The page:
Topic: Curtis Homestead, 198 Pheney Road (circa 1864)

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198 Pheney Road NPDC Heritage Study 1990s

1990s View from NPDC Heritage Study

This two-storied homestead was constructed about 1864 for George Curtis to replace a house destroyed in the Taranaki Wars. The house was originally located on South Road, Omata, on a section approximately opposite the Beach Road intersection, and was relocated to its present site in 1975.

George Curtis was granted Section 6 of Omata District, and initially constructed a single-storey raupo/rush house on the site. Puke Ariki holds drawings of both the exterior and interior of this cottage, drawn by Joseph Jenner Merrett in circa 1851-52 (see linked). He later had a substantial wooden dwelling constructed for £600. In 1860, the wooden home was destroyed by fire during the turbulent First Taranaki War - an event witnessed by Curtis from the nearby Omata Stockade. Following the destruction of their home, the Curtis' moved to the relative safety of New Plymouth, where they lived in a house on Devon Street, and George worked as an accountant. 

In about 1864, following the conclusion of major conflict, it appears Curtis either constructed himself, or had constructed for him, the present two-storied house. The house was relatively large for the time, and is unique in being clad in horizontal weatherboard (rather than the more common vertical board and batten cladding of the time) - it is similar in style to 'Fleetwood Cottage' on Carrington Street, also constructed circa 1864. 

The Curtis' remained on the Omata farm until 1888, when owing to Mrs Curtis' ill health, it was necessary to relocate to New Plymouth. The farm was advertised for let or sale in 1887, and in 1888 part of the property was sold, and the other part let. Mrs Curtis died in 1890, and George Curtis in 1894 - both are buried in New Plymouth's Historic Te Henui Cemetery.

After several changes in ownership, the farm and homestead were purchased from then owner F. M. Mills, by J. Crockett in mid-1907. Puke Ariki holds a circa mid-Twentieth Century watercolour of the homestead by Thelma de Lancy-Green entitiled 'Crockett's Farm, Omata' (see linked).The farm remained in the Crockett family until 1973, when following the death of E. M. Crockett, the homestead was threatened with demolition.

The house was thankfully purchased by Peter and Charlotte Schmitz in 1974, and was initially shifted to a temporary site on Beach Road whilst a permanent section could be found. The Schmitz's initially wanted to relocate the home to Victoria Road in New Plymouth, however their plans were thwarted by residents who felt "the house had a poor appearance and a lower capital value than their own homes", and that it would "cause a substantial detraction to amenities and loss loss of value to their own properties". The Schmitz's appealed to the New Plymouth City Council, however the decision was not in their favour, and they decided to look for land outside of New Plymouth on which to relocate the historic home.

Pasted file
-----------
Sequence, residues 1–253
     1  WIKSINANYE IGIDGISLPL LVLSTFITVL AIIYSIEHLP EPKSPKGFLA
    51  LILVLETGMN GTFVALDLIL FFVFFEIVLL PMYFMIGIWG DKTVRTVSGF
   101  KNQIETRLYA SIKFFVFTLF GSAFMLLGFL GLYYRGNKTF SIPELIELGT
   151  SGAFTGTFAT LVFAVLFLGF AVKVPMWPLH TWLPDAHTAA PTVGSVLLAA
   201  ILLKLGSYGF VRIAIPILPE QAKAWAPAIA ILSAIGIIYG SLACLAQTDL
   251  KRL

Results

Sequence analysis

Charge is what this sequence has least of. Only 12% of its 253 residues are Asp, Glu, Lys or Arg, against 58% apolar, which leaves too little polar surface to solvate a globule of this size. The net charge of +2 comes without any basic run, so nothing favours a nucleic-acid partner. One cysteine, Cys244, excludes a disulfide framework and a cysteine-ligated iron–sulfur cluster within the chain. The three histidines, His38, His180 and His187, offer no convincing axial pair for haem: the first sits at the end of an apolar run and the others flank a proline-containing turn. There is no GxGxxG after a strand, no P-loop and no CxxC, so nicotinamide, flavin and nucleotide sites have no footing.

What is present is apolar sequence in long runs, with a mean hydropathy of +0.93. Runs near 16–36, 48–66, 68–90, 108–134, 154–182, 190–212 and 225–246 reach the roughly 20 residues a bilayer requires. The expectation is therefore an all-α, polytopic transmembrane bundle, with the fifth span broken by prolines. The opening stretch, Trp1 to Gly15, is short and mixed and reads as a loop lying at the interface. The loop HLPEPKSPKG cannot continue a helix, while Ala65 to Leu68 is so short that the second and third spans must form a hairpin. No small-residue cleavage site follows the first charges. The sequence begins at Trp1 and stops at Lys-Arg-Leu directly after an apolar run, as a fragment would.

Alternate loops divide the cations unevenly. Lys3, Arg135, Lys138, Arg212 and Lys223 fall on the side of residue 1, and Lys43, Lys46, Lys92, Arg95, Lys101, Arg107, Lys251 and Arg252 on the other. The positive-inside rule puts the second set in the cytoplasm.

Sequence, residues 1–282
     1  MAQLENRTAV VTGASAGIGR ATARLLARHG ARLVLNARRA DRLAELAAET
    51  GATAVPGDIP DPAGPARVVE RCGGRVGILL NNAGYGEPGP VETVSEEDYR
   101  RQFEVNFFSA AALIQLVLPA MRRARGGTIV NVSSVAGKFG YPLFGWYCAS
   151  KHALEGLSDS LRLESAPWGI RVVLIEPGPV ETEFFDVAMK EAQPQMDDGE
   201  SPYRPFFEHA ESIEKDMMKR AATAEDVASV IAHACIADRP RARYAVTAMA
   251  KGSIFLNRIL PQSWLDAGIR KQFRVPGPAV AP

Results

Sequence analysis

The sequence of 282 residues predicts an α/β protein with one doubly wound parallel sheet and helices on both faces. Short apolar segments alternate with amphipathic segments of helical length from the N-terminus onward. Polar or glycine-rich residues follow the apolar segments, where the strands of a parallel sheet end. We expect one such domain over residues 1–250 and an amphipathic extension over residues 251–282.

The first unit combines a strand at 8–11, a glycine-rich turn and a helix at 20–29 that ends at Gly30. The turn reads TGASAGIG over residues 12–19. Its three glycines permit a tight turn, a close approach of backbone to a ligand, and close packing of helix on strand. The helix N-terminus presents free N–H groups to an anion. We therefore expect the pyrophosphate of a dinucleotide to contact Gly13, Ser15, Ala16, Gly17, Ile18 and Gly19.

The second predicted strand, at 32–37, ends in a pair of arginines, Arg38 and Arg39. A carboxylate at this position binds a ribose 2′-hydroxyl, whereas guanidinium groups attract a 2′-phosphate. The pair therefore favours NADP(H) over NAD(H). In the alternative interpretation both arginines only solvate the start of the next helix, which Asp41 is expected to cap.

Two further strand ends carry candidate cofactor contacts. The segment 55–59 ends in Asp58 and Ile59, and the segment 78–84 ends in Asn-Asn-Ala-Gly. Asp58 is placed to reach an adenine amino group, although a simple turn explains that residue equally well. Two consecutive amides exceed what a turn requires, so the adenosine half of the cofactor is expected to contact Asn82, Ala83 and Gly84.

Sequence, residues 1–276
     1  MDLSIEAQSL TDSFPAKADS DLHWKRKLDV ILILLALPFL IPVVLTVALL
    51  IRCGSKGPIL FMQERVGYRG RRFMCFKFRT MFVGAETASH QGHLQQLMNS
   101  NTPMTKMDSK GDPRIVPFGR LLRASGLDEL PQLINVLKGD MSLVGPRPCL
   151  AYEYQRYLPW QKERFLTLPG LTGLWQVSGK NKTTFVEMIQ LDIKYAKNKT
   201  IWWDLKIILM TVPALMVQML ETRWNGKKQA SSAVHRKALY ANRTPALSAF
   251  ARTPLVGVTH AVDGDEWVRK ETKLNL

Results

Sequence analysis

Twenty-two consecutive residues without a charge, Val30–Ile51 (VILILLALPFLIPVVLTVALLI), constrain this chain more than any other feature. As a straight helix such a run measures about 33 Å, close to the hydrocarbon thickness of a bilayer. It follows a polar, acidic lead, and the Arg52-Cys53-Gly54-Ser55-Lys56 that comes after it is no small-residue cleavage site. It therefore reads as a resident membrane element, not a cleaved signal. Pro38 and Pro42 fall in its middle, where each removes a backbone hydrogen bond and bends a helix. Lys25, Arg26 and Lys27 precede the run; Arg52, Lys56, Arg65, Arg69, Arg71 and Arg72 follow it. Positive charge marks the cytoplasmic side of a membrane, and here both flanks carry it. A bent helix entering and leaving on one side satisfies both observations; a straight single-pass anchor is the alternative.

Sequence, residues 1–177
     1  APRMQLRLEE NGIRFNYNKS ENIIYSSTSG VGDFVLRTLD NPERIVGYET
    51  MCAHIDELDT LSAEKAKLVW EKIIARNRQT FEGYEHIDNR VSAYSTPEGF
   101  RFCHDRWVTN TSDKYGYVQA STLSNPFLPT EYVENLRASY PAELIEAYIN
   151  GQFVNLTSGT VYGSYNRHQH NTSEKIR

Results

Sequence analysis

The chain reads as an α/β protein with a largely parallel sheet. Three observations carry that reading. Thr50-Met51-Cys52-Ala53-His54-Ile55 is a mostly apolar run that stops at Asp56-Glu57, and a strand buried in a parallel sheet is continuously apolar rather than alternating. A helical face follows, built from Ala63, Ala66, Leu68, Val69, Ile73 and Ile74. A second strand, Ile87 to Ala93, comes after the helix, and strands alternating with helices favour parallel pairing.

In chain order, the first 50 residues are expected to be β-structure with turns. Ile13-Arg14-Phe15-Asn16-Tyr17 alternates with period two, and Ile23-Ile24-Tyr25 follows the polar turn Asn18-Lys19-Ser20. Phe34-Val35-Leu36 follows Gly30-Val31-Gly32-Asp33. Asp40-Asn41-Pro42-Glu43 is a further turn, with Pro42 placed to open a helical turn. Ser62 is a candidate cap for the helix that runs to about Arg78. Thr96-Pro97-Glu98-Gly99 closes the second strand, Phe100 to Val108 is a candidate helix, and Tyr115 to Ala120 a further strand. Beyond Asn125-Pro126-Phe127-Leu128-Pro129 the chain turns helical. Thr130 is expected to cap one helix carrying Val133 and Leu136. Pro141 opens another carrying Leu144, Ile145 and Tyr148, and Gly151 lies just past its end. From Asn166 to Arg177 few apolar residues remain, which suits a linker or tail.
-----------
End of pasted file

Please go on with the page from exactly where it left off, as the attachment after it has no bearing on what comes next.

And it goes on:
In August 1975 they were offered 9.3 ha of land on Pheney Road, and had the home relocated to site four months later. The Schmitz's employed well-known New Plymouth architect Terry Boon to help restore and renovate the homestead to bring it up to modern living standards - up until that time the home had never had any sort of plumbing! Whilst as much of the original character as possible was retained, most of the original weatherboards needed to be replaced, two additional windows were added, and an outside door relocated - an addition was also made to the eastern side of the home to provide extra living space. 

Thanks to the foresight of the Schmitz's over 40 years ago, one of New Plymouth's early settler homesteads, almost lost to history, has been retained for future generations, and continues to serve as a family home in the Taranaki countryside, just a short distance from its original site.

See: Taranaki Land Deeds Index I2, page 30; Taranaki Herald, 6 September 1977, page 1 

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Curtis Homestead, 198 Pheney Road (circa 1864)


City:New Plymouth